Cut meat and dairy output by a third to save climate, British farmers told
The report says even greater cuts may be needed to the UK’s pig herds if emissions targets are to be met, because of the imported feed they eat. Photograph: Nathan Stirk/Getty Images
British farmers must reduce their production of meat and dairy by a third in the next 10 years if scientific advice on limiting greenhouse gas emissions is to be met, the conservation charity WWF has said.
Even greater cuts may be needed to the UK’s pig herds and poultry flocks, because of the imported feed they eat, and people will need to eat much less meat than they do today, the charity warned. But the result would be lower greenhouse gas emissions, a countryside with more wildlife and flourishing nature, and better health, according to the report.
Tanya Steele, chief executive of WWF, said: “If we are serious about tackling the twin threats of climate change and nature loss, farming and land use can’t be an afterthought. Many UK farmers are already using their skills and expertise to produce food as sustainably as possible, but they won’t be able to fix a broken system on their own.”
Livestock are a major source of greenhouse gas emissions, from the methane they produce and through the carbon associated with the feed they eat. WWF said the UK’s imports of soy for animal feed must be cut by about a fifth by 2030, as it is associated with deforestation and the overuse of fertiliser overseas.
Livestock are also associated with air pollution, from the ammonia that comes from their manure, which the government has vowed to tackle.
Farmers defended the UK’s livestock production as lower carbon than overseas alternatives, however. Stuart Roberts, deputy president of the National Farmers’ Union, said: “Our farmers can deliver the necessary environmental and climate benefits while maintaining domestic food production, including the production of nutritious meat and dairy, and it’s important that we do so. With more than 90% of UK households still wanting to buy high quality red meat and dairy, British products are often the most sustainable options.”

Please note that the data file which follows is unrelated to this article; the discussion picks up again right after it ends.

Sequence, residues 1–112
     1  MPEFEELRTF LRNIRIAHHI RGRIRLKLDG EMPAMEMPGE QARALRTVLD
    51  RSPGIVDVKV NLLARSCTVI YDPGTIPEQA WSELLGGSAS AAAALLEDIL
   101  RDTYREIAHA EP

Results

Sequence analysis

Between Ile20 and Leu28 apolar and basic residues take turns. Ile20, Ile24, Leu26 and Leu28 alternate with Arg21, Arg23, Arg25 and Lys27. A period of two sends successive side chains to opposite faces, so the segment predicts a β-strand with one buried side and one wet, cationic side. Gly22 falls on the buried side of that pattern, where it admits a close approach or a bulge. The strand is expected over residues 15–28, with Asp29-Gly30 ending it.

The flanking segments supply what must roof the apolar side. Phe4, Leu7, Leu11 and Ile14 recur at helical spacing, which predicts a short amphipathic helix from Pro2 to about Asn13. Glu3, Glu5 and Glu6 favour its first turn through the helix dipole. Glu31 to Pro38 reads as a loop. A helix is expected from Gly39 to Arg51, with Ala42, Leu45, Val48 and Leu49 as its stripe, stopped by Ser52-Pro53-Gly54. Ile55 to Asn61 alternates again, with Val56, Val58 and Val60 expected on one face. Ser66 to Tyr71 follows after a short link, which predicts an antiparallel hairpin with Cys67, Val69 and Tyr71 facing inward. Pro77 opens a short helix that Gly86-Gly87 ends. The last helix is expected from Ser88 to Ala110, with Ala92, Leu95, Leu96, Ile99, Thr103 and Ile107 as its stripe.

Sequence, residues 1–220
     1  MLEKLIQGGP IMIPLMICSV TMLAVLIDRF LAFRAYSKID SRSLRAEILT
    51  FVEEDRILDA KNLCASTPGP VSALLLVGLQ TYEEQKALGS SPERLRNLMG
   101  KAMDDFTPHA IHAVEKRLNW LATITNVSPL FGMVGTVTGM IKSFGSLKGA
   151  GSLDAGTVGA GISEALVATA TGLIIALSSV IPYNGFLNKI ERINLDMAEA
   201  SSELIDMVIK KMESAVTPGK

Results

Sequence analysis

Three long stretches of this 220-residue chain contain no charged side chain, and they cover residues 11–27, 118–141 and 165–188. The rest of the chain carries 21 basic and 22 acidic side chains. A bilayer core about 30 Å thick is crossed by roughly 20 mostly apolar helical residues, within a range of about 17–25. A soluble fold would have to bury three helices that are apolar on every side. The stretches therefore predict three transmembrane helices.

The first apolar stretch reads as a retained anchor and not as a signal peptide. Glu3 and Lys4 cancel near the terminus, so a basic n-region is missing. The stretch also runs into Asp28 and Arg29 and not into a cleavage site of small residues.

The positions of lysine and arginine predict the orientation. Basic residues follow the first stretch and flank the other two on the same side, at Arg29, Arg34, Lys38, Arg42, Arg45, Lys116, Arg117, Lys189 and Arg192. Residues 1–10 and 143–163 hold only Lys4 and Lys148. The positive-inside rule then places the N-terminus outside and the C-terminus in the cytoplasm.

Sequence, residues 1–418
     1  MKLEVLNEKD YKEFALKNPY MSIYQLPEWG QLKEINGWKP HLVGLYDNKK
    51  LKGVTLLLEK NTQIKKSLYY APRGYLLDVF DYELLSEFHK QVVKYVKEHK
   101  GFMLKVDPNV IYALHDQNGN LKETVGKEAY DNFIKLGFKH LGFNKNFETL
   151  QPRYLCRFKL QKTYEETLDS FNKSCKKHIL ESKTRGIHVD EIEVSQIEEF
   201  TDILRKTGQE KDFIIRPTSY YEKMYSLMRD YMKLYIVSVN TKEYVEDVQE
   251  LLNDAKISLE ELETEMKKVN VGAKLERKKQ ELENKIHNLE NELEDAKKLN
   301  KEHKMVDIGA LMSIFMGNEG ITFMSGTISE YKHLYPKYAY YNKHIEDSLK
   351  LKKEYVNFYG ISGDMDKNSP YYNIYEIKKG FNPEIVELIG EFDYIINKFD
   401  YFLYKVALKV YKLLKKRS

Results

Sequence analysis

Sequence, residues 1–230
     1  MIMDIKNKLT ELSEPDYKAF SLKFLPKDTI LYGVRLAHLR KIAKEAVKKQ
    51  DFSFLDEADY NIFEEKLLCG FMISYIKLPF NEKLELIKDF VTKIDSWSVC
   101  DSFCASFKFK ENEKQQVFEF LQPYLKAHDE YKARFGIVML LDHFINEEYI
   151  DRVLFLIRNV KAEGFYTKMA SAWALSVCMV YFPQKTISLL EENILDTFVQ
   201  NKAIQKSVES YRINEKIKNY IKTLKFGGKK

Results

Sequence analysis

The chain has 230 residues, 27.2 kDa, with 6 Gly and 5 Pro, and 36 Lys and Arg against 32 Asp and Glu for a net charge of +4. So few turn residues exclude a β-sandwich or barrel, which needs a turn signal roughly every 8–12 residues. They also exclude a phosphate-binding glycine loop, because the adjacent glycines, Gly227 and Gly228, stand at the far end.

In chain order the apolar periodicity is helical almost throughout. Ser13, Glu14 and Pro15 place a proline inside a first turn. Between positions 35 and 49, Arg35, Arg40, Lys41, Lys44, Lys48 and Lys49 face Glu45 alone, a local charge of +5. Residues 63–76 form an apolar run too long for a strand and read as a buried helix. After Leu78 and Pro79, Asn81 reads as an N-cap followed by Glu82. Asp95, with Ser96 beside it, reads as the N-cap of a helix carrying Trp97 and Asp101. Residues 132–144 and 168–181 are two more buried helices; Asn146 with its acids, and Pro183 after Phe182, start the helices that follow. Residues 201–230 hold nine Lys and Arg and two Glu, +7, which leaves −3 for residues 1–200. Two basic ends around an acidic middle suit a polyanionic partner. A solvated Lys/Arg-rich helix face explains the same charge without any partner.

He said the UK’s climate was well suited to the production of beef and dairy products, and emissions from meat and dairy in the UK were less than half the global average. “If we reduced sustainable production here, it would only export our carbon footprint to countries which don’t meet our own high environmental standards, and risk seeing food imports reduced to standards that would be illegal here,” he added.
George Dunn, chief executive of the Tenant Farmers Association, rejected the need for drastic cuts to UK meat and dairy production: “Of the UK’s CO2e emissions, only 10% are emitted by UK agriculture. The bulk of UK emissions come from transport and energy accounting for over half of total emissions. With UK agriculture accounting for over two-thirds of the UK landmass, its carbon emissions are already incredibly low by comparison to other land uses. If 70% of the landmass produces 10% of the emissions it must mean that the remaining 30% produces 90% of the emissions. Every acre of land in agriculture is already less polluting by a factor of 20 in comparison to every acre of land in another sector.”
He added: “The vast majority of farmers understand the responsibility on them to both produce great food and as custodians of the environment. Our livestock farmers manage carbon in their soils on our behalf every day of the week and deserve our support, not our criticism. In fact, we should be eating more meat and dairy products from UK sources to offset what we import to reduce our carbon footprint.”
Rob Percival, head of food and policy at the Soil Association, said British households should reduce their meat consumption but buy higher quality meat. “Nature-friendly, agroecological farming can feed a growing population, but only if we eat less and better meat, ensuring what we do eat is high welfare, so that we can eliminate intensive animal farming and all the risks it poses to animal welfare, habitats for wildlife, and human health,” he said.
He added that grazing cattle could support healthy soils and nature, but that big reductions in the intensive production of poultry were needed, as cheap chicken production was driving river pollution in the UK, as well as deforestation in South America through imported soy.
He called for an end to post-Brexit trade deals that would open the door to low-welfare food with a high carbon footprint.
Vicki Hird, head of sustainable farming at the campaigning organisation Sustain, said the government must take a lead in making British farming more sustainable, by taking a “less but better” approach to meat. “The government could help by incentivising the production of sustainable, pasture-fed beef and only choosing less but better meat and more plants in public procurement contracts. The government spends £2bn a year on food and could be a lot smarter and do a lot more good with what it buys.”
Food waste is also a major problem, and needs to be halved by 2030, according to the WWF report. Efforts to cut food waste in households appeared to bear fruit during the Covid-19 lockdowns, but supermarkets and their rejection of “imperfect” but edible food are still major causes of waste.
The report also called for big reductions in the use of artificial fertiliser, through using precision techniques and ending the use of nitrogen fertiliser where possible, in favour of natural alternatives. Fertiliser prices have risen strongly in recent months, owing to high energy prices.